Your team (fellow software engineers, and perhaps test engineers) are your audience.
Assuming you are a software engineer (in a large US city on the West Coast, for example)1, and are asked to write a "design doc" for a software module before you implement it, to get approval from your team and present your idea to your team, what would you expect this document to look like? Does anyone have any actual examples of a real or representative design doc you can share?
My preference for a 500~2000 line code module with complicated architecture would be to write a bullet-paper ~2 pages in length, using plain English sentences and descriptions to logically lay out the design, including explanation of threading, mutexes, synchronization, state machine and states, program flow, etc. It would be declarative in nature:
[brief, high-level description goes here, then the program flow and logic, in plain English…]:
Use 2 event loops, each running from the same thread.
- The first loop will process X, Y and Z in a single callback, called at a period of 10ms.
- The 2nd loop will process W and be called at a period of 100ms.
- Note that no mutexes are required to pass values A, B, and C between these two independent event loops because they are using cooperative multi-tasking and running in a single thread…
Event Loop 1:
This loop will consist of a state machine since it needs to operate in an asynchronous manner without blocking. The states are:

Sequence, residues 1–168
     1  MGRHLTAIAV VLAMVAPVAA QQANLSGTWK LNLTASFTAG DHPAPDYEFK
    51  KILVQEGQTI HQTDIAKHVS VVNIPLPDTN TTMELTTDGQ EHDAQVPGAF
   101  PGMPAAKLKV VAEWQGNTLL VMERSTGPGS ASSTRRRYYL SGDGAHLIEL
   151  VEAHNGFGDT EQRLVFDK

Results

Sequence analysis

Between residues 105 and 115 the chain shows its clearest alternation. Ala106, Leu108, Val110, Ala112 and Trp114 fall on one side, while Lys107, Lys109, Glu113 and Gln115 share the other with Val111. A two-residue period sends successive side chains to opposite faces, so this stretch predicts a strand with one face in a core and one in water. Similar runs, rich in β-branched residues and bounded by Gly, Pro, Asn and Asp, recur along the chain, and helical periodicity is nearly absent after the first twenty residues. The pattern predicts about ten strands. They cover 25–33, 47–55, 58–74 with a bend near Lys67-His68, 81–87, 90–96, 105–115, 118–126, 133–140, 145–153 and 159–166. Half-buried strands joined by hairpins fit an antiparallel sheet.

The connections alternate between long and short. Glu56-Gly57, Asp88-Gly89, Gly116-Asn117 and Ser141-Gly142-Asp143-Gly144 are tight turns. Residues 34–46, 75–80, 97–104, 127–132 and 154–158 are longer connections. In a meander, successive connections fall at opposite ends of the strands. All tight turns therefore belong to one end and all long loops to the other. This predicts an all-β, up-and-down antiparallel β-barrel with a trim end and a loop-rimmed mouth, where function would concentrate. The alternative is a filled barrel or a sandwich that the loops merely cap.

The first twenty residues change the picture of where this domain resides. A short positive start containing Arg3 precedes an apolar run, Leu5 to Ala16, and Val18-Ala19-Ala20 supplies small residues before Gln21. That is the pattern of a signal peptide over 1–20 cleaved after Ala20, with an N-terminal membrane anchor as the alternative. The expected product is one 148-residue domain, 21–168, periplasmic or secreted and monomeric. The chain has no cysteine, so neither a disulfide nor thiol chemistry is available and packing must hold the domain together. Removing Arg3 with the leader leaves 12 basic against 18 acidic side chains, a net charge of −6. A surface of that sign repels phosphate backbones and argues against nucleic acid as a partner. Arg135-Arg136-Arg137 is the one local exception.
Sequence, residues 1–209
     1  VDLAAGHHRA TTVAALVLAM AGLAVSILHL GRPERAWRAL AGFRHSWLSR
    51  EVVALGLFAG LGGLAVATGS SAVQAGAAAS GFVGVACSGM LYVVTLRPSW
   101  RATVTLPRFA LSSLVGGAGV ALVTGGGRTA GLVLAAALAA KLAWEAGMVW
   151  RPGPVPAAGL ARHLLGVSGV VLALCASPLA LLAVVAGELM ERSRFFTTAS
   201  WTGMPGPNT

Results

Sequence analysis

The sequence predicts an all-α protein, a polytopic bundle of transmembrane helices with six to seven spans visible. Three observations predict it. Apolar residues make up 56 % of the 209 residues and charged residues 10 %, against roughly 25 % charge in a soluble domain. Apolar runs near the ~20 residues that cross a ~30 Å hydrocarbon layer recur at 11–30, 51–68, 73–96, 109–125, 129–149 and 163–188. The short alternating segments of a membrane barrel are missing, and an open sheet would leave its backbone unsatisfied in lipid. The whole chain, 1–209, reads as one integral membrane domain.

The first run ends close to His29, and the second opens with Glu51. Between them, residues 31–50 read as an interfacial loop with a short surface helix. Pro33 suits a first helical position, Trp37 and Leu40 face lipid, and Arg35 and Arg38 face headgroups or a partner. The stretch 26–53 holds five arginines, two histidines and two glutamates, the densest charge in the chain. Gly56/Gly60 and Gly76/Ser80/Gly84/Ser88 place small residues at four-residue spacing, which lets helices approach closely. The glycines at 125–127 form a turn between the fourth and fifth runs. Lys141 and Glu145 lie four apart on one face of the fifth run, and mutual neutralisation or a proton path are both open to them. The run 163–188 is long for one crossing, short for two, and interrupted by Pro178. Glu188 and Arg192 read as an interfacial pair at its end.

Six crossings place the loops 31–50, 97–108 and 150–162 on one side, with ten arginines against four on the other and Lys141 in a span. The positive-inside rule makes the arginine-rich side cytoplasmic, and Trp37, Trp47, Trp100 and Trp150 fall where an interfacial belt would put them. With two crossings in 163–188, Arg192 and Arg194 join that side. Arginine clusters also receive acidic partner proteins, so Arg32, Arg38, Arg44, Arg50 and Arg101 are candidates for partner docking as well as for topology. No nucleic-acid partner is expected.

- SEND_DATA_REQUEST – send a request over SPI to the GPS module to obtain a packet.
- WAIT_FOR_RESPONSE – delay exactly 100ms from the request, per the datasheet, before attempting to read back the data.
- READ_RESPONSE – read back the data over SPI, so long as it is ready. If we get back code 0x742 it means data is not ready, so return to WAIT_FOR_RESPONSE state with a new delay of 10ms until data is ready.
That’s the kind of style I’m talking about.
This has the advantage of being detailed enough that it avoids a lot of the back-and-forth and re-design that comes during the code review process otherwise, AFTER you’ve written the code and are trying to merge it, if you just got a diagram and brief, high-level description approved and then implemented a module based on that.
However, it has recently received a great deal of criticism for being "too detailed", "too implementation-specific", "too much to read", "not high-level enough to be understood outside the team," and "too much info. for the team members to want to go through it anyway." It has also been called "not a design doc at all."
However, I’ve been doing this pattern for 10 years for personal engineering projects of all sorts (not just software), and have had great personal success with it. So, I’m at a loss for what is "normal" for other people and I’d like to know what others do and are looking for in the industry.
1. I’m only mentioning this since culture and expectations can vary from location to location, even within a given industry